Anita Roddick created the body shop in 1976 with the objective of opening an environmentally conscious cosmetic store. Today, the Body Shop (BS) has grown from being a single “hippie” store in England to a multinational company with over 2265 stores in 50 countries enjoying sales of £820,000 in 2006/2007 period. (mintel 2006) People say that “one person cannot make a difference” but Anita Roddick proved it wrong by sticking to here ideals and ideas of doing business. This extract from the Body Shop’s mission statement ‘to dedicate our business to the pursuit of social and environmental change’ (www.thebodyshop.co.uk), shows us how she created a new way of dealing with customer needs and wants. She saw it as a better option to put customer and society in the first place and by doing so, gain sales for good conduct. This way of doing business was not only proved to be extremely successful but many marketers followed the BS concepts, attempting to maximise potential profit by imitating Dame Anita Roddick’s set of ideals or values. Throughout this essay, we will investigate how Anita Roddick successfully used marketing tools to promote her chain of shops and her strong principles and see how today’s businesses can follow Roddick’s footsteps in successfully targeting the emergence of new consumer groups in the organic food market.
Anita Roddick’s BS has not been an immense success for no reason. An explanation of the BS general success in world markets is that she was one of the pioneers in developing a more ethically based business. We will have a look at how she maximised the 4 P’s (product, place, promotion and price) to promote her chain of shops and strong principles.
The BS sells and produces cosmetics and toiletries made from natural ingredients all over the world targeting principally women with a medium to high income and with deep social conscience and commitment. Its product range can be divided into eight categories each including a range of quality products. Each body lotion, shampoo, bath & shower gel, etc. comes in different sizes in recycled, recyclable or biodegradable packaging. The Product Life Cycle of the BS is still in the growing stages as competition is still increasing due to an increase in interest in the industry’s potential. Furthermore, the market is continuously evolving as more and more people become more ethically aware. Branding is very important as it differentiates the company from other skincare companies. Anita Roddick managed to create a brand which positioned itself as promoting good environmental ethics at a time where Europe was becoming “greener”, strongly differentiating itself from companies looking to increase profits at any legal cost to the environment and to society. But since the French cosmetic giant L’Oreal bought the BS, BrandIndex measured a drastic drop in the ratings of BS reputation. Even though, the company promised to keep its ethical cosmetic brand intact, the public’s opinion on the BS did not take long to change. (http://www.brandrepublic.com)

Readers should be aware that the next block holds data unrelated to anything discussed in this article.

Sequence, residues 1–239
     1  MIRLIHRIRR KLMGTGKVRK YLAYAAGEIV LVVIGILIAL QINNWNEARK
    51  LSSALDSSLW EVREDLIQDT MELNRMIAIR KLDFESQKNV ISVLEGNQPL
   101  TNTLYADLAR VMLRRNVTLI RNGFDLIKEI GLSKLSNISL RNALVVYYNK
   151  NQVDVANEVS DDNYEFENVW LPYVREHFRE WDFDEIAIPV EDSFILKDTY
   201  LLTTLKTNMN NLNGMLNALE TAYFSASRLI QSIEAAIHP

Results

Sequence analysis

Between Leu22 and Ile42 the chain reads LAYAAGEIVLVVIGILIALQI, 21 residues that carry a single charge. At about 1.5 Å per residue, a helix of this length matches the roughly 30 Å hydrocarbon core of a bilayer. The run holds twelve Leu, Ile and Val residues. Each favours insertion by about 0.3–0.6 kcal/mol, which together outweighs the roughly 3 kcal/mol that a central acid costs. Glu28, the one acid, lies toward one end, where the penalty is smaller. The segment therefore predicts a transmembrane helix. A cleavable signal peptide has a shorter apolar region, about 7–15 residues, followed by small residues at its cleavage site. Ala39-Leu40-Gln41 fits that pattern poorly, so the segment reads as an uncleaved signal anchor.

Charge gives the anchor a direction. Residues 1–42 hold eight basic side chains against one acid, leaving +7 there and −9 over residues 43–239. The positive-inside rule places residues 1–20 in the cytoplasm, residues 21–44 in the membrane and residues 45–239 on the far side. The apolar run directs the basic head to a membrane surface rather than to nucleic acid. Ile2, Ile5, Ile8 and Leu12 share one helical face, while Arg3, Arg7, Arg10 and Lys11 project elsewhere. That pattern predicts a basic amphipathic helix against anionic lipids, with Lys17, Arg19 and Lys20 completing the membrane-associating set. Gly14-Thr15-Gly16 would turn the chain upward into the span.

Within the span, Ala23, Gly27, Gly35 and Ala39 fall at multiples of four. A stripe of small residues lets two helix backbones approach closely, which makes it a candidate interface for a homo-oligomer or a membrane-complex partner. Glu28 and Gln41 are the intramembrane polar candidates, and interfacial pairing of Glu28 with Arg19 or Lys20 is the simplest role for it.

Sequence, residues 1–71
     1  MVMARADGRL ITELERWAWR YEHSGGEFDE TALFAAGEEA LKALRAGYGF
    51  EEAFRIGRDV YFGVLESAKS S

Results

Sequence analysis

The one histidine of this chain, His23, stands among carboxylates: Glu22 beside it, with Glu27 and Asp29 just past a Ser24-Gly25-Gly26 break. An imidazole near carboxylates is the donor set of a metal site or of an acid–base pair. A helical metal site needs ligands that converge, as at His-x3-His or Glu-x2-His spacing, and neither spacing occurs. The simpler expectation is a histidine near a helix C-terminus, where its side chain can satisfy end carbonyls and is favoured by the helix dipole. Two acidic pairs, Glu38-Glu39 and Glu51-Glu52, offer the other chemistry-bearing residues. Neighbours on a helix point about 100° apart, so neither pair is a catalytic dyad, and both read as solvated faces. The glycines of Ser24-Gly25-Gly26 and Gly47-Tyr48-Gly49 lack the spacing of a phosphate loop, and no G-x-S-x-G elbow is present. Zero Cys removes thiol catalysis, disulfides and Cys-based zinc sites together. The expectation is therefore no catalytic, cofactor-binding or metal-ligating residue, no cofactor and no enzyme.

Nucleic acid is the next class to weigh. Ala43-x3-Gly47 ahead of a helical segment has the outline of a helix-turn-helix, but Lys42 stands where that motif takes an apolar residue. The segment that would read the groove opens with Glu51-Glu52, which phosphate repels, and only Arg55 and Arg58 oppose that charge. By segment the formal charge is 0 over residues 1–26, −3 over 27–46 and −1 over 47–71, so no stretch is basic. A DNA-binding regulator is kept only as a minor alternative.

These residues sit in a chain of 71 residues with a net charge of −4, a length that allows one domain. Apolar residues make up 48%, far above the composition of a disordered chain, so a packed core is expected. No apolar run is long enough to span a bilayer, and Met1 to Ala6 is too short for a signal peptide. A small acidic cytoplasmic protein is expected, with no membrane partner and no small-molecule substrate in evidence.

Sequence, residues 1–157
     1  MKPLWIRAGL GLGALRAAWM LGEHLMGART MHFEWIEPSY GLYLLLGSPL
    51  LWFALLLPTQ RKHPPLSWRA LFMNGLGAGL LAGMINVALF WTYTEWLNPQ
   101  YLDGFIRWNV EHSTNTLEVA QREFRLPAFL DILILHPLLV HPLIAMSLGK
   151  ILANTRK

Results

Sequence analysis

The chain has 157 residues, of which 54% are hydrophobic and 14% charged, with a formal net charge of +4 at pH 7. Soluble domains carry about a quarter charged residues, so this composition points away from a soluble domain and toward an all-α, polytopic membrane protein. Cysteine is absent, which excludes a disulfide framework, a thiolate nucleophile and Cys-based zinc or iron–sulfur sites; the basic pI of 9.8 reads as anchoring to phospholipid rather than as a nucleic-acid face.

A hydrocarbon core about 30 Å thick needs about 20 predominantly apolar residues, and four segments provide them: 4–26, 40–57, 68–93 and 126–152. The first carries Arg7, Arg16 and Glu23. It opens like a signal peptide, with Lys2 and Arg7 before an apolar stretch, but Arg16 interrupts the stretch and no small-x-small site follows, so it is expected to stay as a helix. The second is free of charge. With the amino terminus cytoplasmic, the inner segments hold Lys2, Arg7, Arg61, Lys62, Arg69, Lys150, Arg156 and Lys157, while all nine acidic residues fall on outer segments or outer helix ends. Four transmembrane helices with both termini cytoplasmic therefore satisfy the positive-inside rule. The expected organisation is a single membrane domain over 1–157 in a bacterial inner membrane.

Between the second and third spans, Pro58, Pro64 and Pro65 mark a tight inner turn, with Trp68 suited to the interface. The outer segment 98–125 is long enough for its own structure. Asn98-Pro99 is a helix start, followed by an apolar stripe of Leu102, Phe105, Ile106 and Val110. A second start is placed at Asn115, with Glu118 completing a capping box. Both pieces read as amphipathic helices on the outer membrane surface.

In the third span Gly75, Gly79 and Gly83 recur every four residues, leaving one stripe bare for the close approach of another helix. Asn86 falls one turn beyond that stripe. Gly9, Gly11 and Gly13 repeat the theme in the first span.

The Body Shop has been able to set premium prices because of the assumption that people would be willing to pay more for a product which they think is contributing to social and ethical issues. The fact that the BS is involved in issues such as fair trade, animal testing and has strong environmental views gave them the competitive advantage of product differentiation. But since competitors such as Boots or Bath & Bodyworks in the states have started their own natural product range at prices below the BS, profits have decreased in comparison to previous years. From 2002 to 2003 sales grew by only 5% compared with competitors whose sales rose by 27% in the same period. It could also be said that the BS prices are in the mid market pricing range as there are products more expensive such as for example Boots natural-based products but much cheaper than Chanel or Estee Lauder beauty products....